For this blog entry I‘ve decided to try out the Glyn Johns method of recording a drum kit. In this case, my Sonor SQ2 kit with Zildjian Constantinople cymbals. It’s a great kit, so I can’t really blame the drums if it doesn’t sound good. I used two Shure KSM32 condenser mics to capture the sound of the whole drum kit. In addition, I placed an SM57 close-up on the snare and an AKG D112 MII on the bass drum. The sound was recorded through a 20 year old Mackie 12 channel desk onto a 2012 MacBook Pro via a MOTU Ultralite.
All this equipment was lugged into my living room, which definitely doesn’t have the acoustics of Abbey Road. However, I was pleasantly impressed with the recording I achieved.
Glyn Johns is an English musician, recording engineer and producer. He is famous for his work with some of the biggest rock bands of the 60s and 70s. These include The Beatles, The Rolling Stones, The Who and Led Zepplin.
Glyn Johns Miking Technique
The Glyn Johns method of miking a drum kit is characterised by its use of relatively few microphones. Instead of using two overhead microphones to capture a stereo image of the kit, the Johns method uses one. This is placed directly over the snare drum to achieve an overall kit sound.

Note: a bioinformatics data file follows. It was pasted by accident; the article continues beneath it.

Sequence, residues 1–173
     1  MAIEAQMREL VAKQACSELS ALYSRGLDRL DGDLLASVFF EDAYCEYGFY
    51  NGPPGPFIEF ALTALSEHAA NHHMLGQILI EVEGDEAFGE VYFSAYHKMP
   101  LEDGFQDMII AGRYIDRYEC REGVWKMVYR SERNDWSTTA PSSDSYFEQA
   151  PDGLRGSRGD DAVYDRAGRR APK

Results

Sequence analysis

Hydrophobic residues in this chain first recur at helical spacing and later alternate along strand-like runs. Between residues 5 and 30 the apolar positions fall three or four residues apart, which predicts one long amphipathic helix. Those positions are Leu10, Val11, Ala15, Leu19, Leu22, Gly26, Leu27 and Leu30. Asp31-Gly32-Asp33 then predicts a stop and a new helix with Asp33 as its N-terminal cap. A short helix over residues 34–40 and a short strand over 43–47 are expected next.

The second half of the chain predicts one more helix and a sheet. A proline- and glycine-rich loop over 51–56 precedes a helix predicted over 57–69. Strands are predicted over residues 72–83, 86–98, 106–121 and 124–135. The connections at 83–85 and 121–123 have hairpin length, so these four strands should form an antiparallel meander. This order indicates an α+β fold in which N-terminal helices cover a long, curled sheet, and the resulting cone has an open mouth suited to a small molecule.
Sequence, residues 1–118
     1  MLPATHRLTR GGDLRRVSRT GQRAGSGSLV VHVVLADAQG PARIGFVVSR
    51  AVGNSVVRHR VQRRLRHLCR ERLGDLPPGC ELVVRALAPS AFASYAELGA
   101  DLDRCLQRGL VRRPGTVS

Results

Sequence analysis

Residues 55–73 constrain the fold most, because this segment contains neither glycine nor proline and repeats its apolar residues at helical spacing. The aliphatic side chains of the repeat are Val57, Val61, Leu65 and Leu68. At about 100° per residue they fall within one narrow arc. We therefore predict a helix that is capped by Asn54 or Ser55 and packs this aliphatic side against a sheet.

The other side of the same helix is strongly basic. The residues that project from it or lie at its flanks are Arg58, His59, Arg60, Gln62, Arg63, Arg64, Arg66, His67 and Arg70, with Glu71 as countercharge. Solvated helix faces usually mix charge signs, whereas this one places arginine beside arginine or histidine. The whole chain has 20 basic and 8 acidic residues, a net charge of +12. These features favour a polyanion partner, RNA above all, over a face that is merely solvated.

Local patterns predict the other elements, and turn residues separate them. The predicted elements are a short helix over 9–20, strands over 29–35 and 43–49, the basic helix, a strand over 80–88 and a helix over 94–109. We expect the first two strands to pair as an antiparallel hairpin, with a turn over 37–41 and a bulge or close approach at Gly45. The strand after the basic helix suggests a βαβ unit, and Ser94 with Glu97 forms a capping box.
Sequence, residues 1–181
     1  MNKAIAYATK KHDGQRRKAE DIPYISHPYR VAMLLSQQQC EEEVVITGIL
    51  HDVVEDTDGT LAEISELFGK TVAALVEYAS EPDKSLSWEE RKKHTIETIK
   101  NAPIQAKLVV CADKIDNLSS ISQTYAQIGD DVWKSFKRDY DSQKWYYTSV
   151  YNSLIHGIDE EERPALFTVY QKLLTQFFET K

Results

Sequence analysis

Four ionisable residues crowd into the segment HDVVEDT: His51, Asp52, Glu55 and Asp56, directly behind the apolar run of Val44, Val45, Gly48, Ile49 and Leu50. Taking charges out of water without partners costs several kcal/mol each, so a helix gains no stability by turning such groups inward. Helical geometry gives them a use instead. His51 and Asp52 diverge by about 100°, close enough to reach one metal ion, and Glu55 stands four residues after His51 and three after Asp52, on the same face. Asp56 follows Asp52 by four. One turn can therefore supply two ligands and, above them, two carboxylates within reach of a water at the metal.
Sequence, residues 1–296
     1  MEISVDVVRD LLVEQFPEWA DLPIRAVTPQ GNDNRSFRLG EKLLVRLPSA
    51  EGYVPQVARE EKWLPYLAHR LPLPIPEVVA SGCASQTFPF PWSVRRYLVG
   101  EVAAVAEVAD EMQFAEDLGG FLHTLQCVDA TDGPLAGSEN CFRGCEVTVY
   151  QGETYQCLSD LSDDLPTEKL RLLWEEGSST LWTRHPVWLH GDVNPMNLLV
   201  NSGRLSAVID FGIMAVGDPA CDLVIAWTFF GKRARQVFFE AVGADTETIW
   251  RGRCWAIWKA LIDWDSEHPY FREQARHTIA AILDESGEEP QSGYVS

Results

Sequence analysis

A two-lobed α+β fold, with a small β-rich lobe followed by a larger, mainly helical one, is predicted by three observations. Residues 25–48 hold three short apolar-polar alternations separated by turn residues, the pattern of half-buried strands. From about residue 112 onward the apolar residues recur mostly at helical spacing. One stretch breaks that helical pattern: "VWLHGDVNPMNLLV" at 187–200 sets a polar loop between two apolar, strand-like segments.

A second microphone is then placed near the floor tom, aiming it directly towards the hi-hat. Each of these microphones should be about 1 metre equidistant from the centre of the snare drum. When positioned carefully, these two microphones do a tremendous job of capturing the full sound of the drum kit. Because of the mic placement, the snare drum is in the centre of the stereo image, with the bass drum slightly off centre.
The two photos below clearly show the proximity of the right-hand microphone to the floor tom. In order to capture a balanced sound, it’s important that this mic faces the hi-hat and that it’s raised a few inches above the floor tom. If it is too far away, it will capture a less focused sound, so experiment to achieve the desired effect.
Bass Drum Mic: AKG D112 MkII
For additional control over the low end, I used an AKG D112 MKII on the bass drum. I use a KickPort™ so I placed the microphone outside the drum about 1.5 inches away from the hole. This produced a pleasingly low, punchy bass drum sound. In comparison, on a previous attempt I placed the microphone inside the hole and it sounded lousy.
Snare Drum Mic: Shure SM57
I used an SM57 on the snare drum, carefully aiming it towards the centre of the drum, away from the hi-hat. The SM57 is good at rejecting sound from behind. Unfortunately, I only had 3 mic stands so I used a makeshift one made from a camera stand and some Frogtape™; it worked just fine but looked a bit crappy.